A village centre will become a 20mph zone ahead of a new supermarket opening.

Works to Slaithwaite roads were required before Aldi open their store in early November.

And on Wednesday the Cabinet local issues meeting saw councillors David Sheard, Cathy Scott, Jean Calvert and Graham Turner overrule residents’ objections and approve the formal traffic regulation order (TRO) for the 20mph zone, removal of on-street parking to widen the footpath on Britannia Road and moving a bus stop.

But they stopped short of raising zebra crossings on Britannia Road and Carr Lane, instead favouring further investigation with local councillors and assessing the accident report where an 80-year-old lady broke both ankles on the Carr Lane crossing.

Council leader Clr Sheard said: “I’m one of few people in the council who don’t agree with 20mph zones... but if there’s a place for them it’s in the centre of a village.

“The mean speed is 20mph, that means half of people are doing more than that.”

The works are funded by Aldi, but Clr Nicola Turner, Colne Valley Lib Dem, said the £125,000 could be better spent.

She said: “It would be much better to put the money into a pot to spend on something more comprehensive. People will perceive this as council money and it could be put to better use.”

Clr Donna Bellamy, Colne Valley Conservative, asked councillors to re-look at the positioning of the Carr Lane zebra crossing, the location of a recent accident.

Police cordon after road accident in Slaithwaite
Police cordon after road accident in Slaithwaite
 

She also read a letter form local MP Jason McCartney who urged Cabinet members to take “local knowledge into account”.

Slaithwaite shop worker Angela Dews spoke of the loss of parking on Britannia Road and said: “The zebra crossing is too close the roundabout. We feel with new developments the problems will only become worse.”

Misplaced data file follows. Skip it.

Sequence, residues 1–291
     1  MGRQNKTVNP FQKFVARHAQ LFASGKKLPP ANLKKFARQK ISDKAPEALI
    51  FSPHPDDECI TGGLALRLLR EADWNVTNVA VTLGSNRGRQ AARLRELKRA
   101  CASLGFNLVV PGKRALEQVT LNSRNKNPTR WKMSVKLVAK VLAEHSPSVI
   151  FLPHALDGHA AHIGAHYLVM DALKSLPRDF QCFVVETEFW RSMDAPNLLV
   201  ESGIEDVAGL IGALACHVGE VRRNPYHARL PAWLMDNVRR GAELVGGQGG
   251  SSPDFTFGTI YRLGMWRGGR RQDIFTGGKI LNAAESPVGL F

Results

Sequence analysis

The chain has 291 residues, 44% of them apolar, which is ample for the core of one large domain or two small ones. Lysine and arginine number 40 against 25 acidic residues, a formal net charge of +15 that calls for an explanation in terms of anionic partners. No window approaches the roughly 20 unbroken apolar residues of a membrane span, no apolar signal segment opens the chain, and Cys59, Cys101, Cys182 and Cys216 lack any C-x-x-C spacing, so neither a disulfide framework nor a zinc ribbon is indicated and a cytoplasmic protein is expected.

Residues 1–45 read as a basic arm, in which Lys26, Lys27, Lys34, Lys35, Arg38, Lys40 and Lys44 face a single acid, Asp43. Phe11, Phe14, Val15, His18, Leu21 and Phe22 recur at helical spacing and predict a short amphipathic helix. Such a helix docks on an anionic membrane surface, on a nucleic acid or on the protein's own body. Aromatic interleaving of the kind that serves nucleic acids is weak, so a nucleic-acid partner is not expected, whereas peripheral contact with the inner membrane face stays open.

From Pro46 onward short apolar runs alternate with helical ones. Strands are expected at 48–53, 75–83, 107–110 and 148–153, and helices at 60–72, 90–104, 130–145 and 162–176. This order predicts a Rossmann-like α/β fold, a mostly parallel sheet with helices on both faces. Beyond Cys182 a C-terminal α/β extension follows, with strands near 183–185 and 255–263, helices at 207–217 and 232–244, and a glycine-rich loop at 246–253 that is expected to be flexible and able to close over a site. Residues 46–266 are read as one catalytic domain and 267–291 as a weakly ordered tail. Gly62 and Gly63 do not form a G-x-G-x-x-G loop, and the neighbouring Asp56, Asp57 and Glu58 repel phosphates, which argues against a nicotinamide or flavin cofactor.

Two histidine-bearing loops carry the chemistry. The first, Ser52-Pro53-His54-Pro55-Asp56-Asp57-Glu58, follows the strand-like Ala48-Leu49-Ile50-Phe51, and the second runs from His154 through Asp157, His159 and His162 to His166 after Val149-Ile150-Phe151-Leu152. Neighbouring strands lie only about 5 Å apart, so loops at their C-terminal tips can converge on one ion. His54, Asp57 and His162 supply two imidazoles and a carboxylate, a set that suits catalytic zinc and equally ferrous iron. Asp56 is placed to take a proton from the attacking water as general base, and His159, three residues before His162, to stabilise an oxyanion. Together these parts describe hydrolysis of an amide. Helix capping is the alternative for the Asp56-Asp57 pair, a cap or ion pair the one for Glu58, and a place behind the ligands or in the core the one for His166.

Resident Robert Bamforth urged Cabinet to look at the wider impact of the Globe Mills development. He was dismayed Kirklees “bulldozes through change against the wishes of Slaithwaite people” adding: “That is not democracy.”

Caroline Hall, of the Green Valley Grocer, said: “I don’t see speeding as an issue in the village centre. We don’t need the extra street furniture for a 20mph zone when your own survey says we don’t speed.”

She said the money would be better spent improving the road network which has been damaged by HGVs and tipper-trucks going to and from the Aldi build.

Developer Dave Hale, of Dransfield Properties, which is working on the build, said: “The proposed works are excessive and we would welcome simplification by the council, but we will carry out the arrangements if there is not a delay to Aldi opening in November.”

Clr Turner told the meeting planning officers had informed her they would not prevent Aldi opening while a plan is being developed.

Colne Mills has now been demolished and Aldi’s steel frame erected. Dransfield hope the work will be complete by October with the store opening the first week of November.

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